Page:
A number of conductive polysilicon extraction grid strips 32, having apertures 34 formed therethrough serve as an extraction grid to excite electron emission from the emitters 30. A 30-60 volt difference between the emitters 30 and the extraction grid strips 32 is typically sufficient to excite electron emission. Openings or windows 36 formed in the row lines 26 provide a free path for the flow of electrons e−from the emitters 30 to the anode 18, as well as providing other benefits described below. A layer of dielectric material 27 separates the column lines 24 and emitter pads 28 from the extraction grid strips 32.
FIG. 2 shows the column line 24 as a conductive metal trace formed on the substrate 22. The column line 24 has a length 38 and a nominal width 40. The column line 24 includes a number of windows 42 spaced at intervals along the length 38 of the column line 24. The windows 42 are shown as rectangular, although the windows 42 may have any suitable shape and size that reduces the area of metal-metal overlap. As shown, each of the windows 42 have a length 48 and a width 50.
FIG. 3 shows the row line 26 formed as a conductive metal trace formed on the conductive strip 32. The row line 26 has a length 44 and a nominal width 46. The row line 26 includes a number of windows 36 spaced at intervals along the length 44 of the row line 26. Again, the windows 36 are shown as rectangular, although the windows 36 may also have any suitable shape and size that reduces the area of metal-metal overlap. As shown, each of the windows 36 have a length 52 and a width 54.
FIG. 4 shows a row line 26 overlying a pair of column lines 24. The length 48 of the window 42 in the column line 24 is greater than the nominal width 46 of the row line 26. Similarly, the length 52 of the window 36 in the row line 26 is greater than the nominal width 40 of the column line 24. Thus, as can be seen in FIG. 4, the area of metal-metal overlap of the row line 26 and column lines 24 is minimized, as indicated by the cross-hatched areas 56.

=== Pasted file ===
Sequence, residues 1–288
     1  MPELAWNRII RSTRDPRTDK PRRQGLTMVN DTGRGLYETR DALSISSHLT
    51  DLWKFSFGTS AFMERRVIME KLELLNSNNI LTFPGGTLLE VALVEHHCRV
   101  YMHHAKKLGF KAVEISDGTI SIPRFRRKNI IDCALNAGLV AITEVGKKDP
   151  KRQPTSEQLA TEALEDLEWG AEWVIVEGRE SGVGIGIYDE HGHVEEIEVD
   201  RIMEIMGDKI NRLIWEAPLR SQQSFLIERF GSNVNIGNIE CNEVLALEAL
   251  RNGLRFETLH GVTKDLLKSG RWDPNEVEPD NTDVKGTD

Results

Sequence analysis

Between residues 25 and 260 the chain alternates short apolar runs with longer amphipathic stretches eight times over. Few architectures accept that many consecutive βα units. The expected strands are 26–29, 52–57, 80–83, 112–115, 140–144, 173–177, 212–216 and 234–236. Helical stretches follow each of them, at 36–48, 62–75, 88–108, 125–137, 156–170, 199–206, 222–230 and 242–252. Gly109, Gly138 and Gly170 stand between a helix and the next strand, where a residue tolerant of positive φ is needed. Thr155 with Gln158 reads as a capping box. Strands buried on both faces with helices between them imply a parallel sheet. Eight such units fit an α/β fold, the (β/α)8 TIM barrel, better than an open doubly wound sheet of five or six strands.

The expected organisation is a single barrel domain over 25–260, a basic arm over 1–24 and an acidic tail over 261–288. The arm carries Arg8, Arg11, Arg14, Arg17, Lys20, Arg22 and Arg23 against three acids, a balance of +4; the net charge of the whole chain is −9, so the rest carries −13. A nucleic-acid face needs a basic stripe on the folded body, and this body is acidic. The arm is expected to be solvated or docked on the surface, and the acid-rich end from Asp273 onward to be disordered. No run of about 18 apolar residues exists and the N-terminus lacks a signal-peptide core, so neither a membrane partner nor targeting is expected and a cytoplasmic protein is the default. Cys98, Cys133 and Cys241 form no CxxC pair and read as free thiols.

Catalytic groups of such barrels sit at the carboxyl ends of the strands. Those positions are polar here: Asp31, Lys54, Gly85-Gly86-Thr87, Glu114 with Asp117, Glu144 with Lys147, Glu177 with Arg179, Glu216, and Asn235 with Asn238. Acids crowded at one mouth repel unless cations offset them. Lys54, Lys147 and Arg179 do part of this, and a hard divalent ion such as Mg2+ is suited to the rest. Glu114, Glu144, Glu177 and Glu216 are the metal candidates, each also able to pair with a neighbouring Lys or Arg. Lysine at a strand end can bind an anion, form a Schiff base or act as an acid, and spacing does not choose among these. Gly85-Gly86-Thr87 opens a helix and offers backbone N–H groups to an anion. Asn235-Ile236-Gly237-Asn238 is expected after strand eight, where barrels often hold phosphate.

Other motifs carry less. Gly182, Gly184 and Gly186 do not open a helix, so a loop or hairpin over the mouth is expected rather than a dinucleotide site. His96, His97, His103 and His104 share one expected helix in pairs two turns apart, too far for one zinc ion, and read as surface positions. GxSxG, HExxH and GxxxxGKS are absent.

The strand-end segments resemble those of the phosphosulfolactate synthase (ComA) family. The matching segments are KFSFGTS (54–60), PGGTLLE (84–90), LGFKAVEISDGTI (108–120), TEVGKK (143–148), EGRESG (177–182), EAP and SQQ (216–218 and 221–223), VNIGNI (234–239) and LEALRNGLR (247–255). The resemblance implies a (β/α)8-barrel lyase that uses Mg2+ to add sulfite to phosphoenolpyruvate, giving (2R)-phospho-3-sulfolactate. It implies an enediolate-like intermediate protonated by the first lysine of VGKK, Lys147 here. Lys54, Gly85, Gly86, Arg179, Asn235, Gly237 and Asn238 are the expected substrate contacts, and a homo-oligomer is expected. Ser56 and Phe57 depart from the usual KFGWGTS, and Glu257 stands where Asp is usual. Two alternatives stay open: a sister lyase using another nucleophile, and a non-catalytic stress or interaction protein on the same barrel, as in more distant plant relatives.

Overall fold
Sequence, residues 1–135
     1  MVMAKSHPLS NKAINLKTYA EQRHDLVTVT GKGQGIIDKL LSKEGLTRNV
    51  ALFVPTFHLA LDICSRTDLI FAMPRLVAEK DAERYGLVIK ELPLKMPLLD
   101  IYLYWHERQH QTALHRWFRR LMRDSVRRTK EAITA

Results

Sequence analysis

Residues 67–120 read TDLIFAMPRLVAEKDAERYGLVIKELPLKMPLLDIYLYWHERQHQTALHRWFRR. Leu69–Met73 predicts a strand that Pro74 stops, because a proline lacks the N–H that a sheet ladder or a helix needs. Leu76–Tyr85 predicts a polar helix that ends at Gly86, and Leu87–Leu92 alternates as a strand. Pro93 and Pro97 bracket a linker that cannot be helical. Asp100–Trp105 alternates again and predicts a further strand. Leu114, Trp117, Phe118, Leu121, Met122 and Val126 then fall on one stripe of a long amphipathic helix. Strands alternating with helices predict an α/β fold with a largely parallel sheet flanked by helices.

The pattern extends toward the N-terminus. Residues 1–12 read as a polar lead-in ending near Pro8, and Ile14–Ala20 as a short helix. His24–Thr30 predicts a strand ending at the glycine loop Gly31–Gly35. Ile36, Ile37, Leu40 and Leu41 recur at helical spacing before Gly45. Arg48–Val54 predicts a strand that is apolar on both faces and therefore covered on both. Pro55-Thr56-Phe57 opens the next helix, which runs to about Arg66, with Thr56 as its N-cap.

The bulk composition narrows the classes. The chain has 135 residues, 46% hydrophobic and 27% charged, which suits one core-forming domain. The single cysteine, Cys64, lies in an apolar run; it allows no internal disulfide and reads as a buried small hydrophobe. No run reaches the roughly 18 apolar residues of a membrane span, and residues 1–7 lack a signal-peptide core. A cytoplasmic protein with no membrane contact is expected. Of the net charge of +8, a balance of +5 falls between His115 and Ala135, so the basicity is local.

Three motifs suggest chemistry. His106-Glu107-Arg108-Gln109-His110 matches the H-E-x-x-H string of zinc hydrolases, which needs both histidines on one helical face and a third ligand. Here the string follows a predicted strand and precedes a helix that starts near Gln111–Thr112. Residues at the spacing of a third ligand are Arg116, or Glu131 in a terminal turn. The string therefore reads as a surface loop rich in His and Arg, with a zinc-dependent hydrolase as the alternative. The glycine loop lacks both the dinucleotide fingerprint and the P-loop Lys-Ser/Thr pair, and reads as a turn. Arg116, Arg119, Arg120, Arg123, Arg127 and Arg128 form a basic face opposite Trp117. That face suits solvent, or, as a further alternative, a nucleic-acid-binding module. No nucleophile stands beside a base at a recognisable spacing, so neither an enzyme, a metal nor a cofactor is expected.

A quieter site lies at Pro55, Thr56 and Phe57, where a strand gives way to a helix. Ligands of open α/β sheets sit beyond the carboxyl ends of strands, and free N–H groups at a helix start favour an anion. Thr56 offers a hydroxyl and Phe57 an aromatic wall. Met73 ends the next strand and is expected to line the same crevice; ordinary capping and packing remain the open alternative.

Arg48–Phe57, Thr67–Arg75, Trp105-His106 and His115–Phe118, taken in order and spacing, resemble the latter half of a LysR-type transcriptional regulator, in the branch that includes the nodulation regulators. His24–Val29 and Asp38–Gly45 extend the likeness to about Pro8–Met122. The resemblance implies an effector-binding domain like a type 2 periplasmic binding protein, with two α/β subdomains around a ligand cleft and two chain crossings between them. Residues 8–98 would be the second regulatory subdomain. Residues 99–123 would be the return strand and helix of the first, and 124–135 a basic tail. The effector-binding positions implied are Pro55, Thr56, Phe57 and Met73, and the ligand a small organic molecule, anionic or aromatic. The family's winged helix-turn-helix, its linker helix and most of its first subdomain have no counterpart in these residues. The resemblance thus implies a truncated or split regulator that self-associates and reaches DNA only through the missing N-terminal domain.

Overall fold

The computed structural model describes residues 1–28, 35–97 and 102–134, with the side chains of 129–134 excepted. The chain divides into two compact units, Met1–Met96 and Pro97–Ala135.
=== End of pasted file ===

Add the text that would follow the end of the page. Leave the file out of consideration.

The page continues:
FIG. 5 shows a cross section of the row line 26 and column lines 24 taken through section line 5—5 of FIG. 4. In particular, FIG. 5 shows the window 42 defined between legs of the column line 24. FIG. 5 further shows the apertures 34 in the extraction grid strip 32 aligned with the emitters 30. One skilled in the art will notice that the dielectric layer 27 has been etched away around the base of the emitters 30 to further expose the emitters 30.
FIG. 6 is a cross-sectional view of the row line 26 and column lines 24 taken through section line 6—6 of FIG. 4. It may be noted that the window 36 does not appear in FIG. 6, the section being taken through one of the legs of the row line 26.
FIG. 7 shows an exploded view of a column line 24 and row line 26 of the display 10 of FIG. 1. The dielectric layer 27 conforms to the column line 24 and emitter pad 28. The dielectric layer 27 provides support and electrical isolation to the extraction grid strip 32. The window 42 in the column line 24 is clearly visible in this partial, exploded view.
FIG. 9 shows a row line 26 overlying a column line 24. The row line 26 has a necked region 53 in the area where the row line 26 crosses the column line 24. Similarly, the column line has a necked region 55 in the area where the lines cross. Thus, as can be seen in FIG. 9, the area of overlap of the row line 26 and column lines 24 is minimized, as indicated by the cross-hatched area 56.